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C19 continues to depress economic activity in the Eurozone. Q4 2020 was flat and Nomura is forecasting a negative 0.5% for Q12021. Vaccine rollout will help but it is clear economic growth for this year will be below forecast. Fiscal deficits, already 8.5% in 2020, will stay high as states can't withdraw subsidies. The "Recovery Fund" fiscal package agreed last July is facing headwinds in terms of ratification and implementation and more fiscal coordinated action is unlikely. The onus to act falls once again on the ECB with even more QE and, in essence, members debt monetization. With an $8.6 trillion balance sheet, already larger than the Fed's, how long can the ECB continue to buy members' states debt for? Italy and Greece debts respectively at 160 and 205% of Gdp, are beyond restructuring and can only be monetized. Will the more fiscally conservative member states willing to continue on that path? History suggests otherwise and the odds of a shake-up for the Eurozone has never been higher.
Italian politics continues to be characterized by changes in government and petty squabbles over influence and power.
As promised, we start our Geopolitical tour of 2021 in Italy, where the stricken coalition of the populist left Five Star Movement, and the social-democrat Democratic Party teeters on the edge of collapse and throwing Italy into an early election a year before the next General Election is scheduled. In this article, I’ll summarize the past 8 years of election history, the founding of the Five Star Party, the first coalition, the second coalition, the decline of the party, and what comes next.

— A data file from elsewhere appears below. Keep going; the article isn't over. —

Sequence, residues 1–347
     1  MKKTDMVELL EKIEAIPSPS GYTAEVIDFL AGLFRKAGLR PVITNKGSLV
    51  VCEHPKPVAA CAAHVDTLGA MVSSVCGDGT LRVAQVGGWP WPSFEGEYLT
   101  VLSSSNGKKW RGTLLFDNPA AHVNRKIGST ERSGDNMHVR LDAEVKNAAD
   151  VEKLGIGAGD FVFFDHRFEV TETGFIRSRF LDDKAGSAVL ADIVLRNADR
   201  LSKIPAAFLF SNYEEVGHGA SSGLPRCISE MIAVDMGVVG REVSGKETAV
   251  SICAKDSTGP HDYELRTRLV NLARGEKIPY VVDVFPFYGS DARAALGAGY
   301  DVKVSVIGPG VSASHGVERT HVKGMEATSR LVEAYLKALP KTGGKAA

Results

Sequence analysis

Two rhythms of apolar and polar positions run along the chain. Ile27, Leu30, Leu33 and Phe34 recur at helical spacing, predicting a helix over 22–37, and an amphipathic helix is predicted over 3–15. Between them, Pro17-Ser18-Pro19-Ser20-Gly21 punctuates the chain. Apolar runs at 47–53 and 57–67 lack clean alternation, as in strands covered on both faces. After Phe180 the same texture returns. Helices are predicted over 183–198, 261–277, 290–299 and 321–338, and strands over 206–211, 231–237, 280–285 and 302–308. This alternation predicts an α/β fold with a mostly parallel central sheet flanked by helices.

The Rise of the Five Star Party: 2013-2018
Today we delve into the exciting saga of European politics and all things Italian as the Government managed by one of the few successful populists left parties to enter the halls of power successfully. The Five Star Party, born from the mind of one Beppe Grillo, an Italian comedian whose comedies and speeches railed against globalization, fossil fuels, and corporate power, spread rapidly across the internet during the 2012 Euro crisis. This would morph into a political movement where policy, ministers, and even government coalitions would be decided by direct democracy via the party’s website; a practice still used to this day.
In 2013, the new Five Star Movement would win 109 seats out of the 630 in Italies Chamber of Deputies, predominately in Italies South where poverty is high. Its economy is primarily agricultural, where the Euro crisis had the strongest... (More)
From a small Irish carrier, Ryanair has become the world's third and Europes most valuable airline by market cap (funny enough EU airline consolidation hasn't hurt them). In 2019 they carried 150Million passengers vs 130M for Southwest ($LUV) the US low-cost airline. This makes it one of the top 10 airlines in the world by passengers.
What I think everyone knows is that companies, where growth begets growth, are not the norm and that those that exist are very well known. Think Amazon, Costco, Wallmart but also vanguard or BlackRock. As they grow in size they share their scale advantage with their customers. It turns out its not as common a business model as I used to think. But the shareholder returns seem to be pretty good.
One has to ask why not hold companies with this business model in perpetuity?
Interesting enough, due to Brexit all UK shareholders lost their voting rights. 😂🤷♂️.
What I would like to know is all the reasons people might not like this company (apart from the not enough legroom, and that nobody is actually happily flying Ryanair but keeps doing so anyway because they have by far the lowest price).
If anyone has a good report/ article/ video anything beyond the public filings (I read the earnings call transcripts) to share on this company id be happy to read it.
Especially trying to understand:
- How Further Consolidation of EU airlines impacts Ryanair. So far Airfrance-KLM alliance seems not to really put a dent... (More)